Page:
The simulation was processed to verify the capability of our proposed CNN model with robust classification performance. The Python and PyTorch program tools were used to encode the algorithm and run the learning codes, respectively. The ResNet-18 model composed of 18 layers, was used for transfer learning codes [22, 23].

The ImageNet dataset, according to the WordNet hierarchy with 1,000 datasets was used for pre-trained learning weight. The function was generated using Eq. (2) as below.


where zj is the input element and M is the classifier class number of the Softmax function.

3.Results and discussion

The cross-entropy was used to measure the average numbers between two adjacent values [24]. The stochastic gradient descent (SGD) was used to optimize the objective function and smooth the data classification [25]. The transfer learning model of ResNet-18 was used to obtain the 1,000 datasets from 1,000 object classes.

This study aims to develop a method for automatically discriminating eye diseases with high accuracy by optimizing the model with the minimum fundus photographic data. The data represents the domain of the subject group by applying the transfer learning technique. Because the dataset used in this experiment is balanced, accuracy can be used as the primary evaluation parameter to consider the limitation of computational ability.

Figure 2.

The simulated results of the (a) training and validation loss and (b) training and validation accuracy when using the first dataset in the eye exam platform.

The simulated results of the (a) training and validation loss and (b) training and validation accuracy when using the first dataset in the eye exam platform.

Figure 3.

The simulated results of the (a) training and validation loss and (b) training and validation accuracy when using the second dataset in the eye exam platform.

The simulated results of the (a) training and validation loss and (b) training and validation accuracy when using the second dataset in the eye exam platform.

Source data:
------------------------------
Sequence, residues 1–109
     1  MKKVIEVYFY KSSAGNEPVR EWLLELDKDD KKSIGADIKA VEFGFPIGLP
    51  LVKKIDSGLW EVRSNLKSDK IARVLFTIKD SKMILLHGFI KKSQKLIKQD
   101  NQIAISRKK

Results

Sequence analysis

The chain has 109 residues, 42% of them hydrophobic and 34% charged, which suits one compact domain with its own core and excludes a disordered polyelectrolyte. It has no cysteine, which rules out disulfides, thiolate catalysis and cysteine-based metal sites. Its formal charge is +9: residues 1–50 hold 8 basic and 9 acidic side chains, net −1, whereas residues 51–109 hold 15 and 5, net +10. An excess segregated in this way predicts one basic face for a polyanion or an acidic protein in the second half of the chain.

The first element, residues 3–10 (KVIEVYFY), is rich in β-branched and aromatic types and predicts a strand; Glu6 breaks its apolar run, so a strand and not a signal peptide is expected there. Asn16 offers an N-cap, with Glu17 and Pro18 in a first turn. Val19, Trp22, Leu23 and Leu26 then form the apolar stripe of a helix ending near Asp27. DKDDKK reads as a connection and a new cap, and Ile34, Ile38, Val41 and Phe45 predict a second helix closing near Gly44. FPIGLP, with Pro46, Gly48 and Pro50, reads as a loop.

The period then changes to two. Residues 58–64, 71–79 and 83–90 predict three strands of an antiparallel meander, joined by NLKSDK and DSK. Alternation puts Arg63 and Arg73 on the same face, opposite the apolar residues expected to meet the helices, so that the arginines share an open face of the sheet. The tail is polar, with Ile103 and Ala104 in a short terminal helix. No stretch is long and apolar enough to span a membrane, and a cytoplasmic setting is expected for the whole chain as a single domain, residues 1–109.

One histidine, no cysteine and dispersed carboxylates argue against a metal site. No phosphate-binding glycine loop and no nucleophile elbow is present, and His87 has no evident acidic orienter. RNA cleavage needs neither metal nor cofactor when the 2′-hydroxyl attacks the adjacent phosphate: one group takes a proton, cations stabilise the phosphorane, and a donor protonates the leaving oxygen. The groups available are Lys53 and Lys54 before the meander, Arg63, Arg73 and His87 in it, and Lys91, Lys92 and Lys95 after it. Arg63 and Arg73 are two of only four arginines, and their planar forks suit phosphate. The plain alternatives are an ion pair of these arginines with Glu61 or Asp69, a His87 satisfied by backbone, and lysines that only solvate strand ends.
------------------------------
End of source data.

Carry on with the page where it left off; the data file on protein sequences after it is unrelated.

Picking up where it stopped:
Figure 2 shows the training and validation results with the given dataset. The eye exam image dataset was obtained from the pattern recognition lab at Friedrich-Alexander-Universität. In Figs 2 and 3, the first and second results were obtained using previously published CNN and our proposed CNN models, respectively. In the dataset, there were eye images with healthy, retinopathy, and glaucoma conditions.

As shown in Fig. 2, the training loss was close to 10% as epoch numbers were increased, so the training accuracy was improved to 96.7%. However, the validation loss was higher than 16.5%. This result showed the previously proposed CNN model could not be stable.

Figure 3 shows the training and validation results for eye exam platform. In the dataset, there were also eye images with the healthy, retinopathy, and glaucoma conditions. As shown in Fig. 3, the training loss was less than 5% as epoch numbers were increased, so the training accuracy was improved to 99.1%. Therefore, the validation accuracy approached 96.9%.


As the smartphone and tablet personal computers are widely used, intraocular pressure naturally increases. Eye disease is getting faster, and more people have red flags in the eye due to chronic diseases caused by high blood pressure and diabetes. The first step to protecting eye health is an eye exam diagnosis. The field of eye exam platforms has recently re-emerged with the help of artificial intelligence and digital optical photography technology in diagnosing ophthalmic diseases.

For the complete implementation of automatic photo identification, high-quality photo data annotated by experts is required. The discrimination performance which is greatly affected by the image domain must be resolved. However, the production and management of medical images incur the costs such as expert annotation process, de-identification work, and distribution security maintenance. Therefore, this research aims to optimize the model directly with a minimum dataset, which represents the target domain group, by applying the transfer learning technique, and to develop a robust and stable method to identify eye diseases with high accuracy automatically

The ResNet-18 model with ImageNet data composed of 1,000 everyday objects was used. In addition, the pre-trained model was used to learn the photo’s characteristics, and it was verified with the test dataset separated from the training dataset.

The proposed CNN model showed the highest accuracy and validation values of 99.1% and 96.9% from the datasets, respectively. Compared to the previously published CNN model, our proposed model showed more stable results, so it can be helpful to be implemented. In addition, the newly proposed deep learning model showed robust eye disease discrimination performance despite a limited quantity of photo datasets and variances in the image domain. Through this study, we can demonstrate our proposed technique is a simple but robust transfer learning model.


This work was supported by Korea Institute for Advancement of Technology (KIAT) grant funded by the Korea Government (MOTIE) (P0011930, The Establishment Project of Industry-University Fusion District).

Conflict of interest

None to report.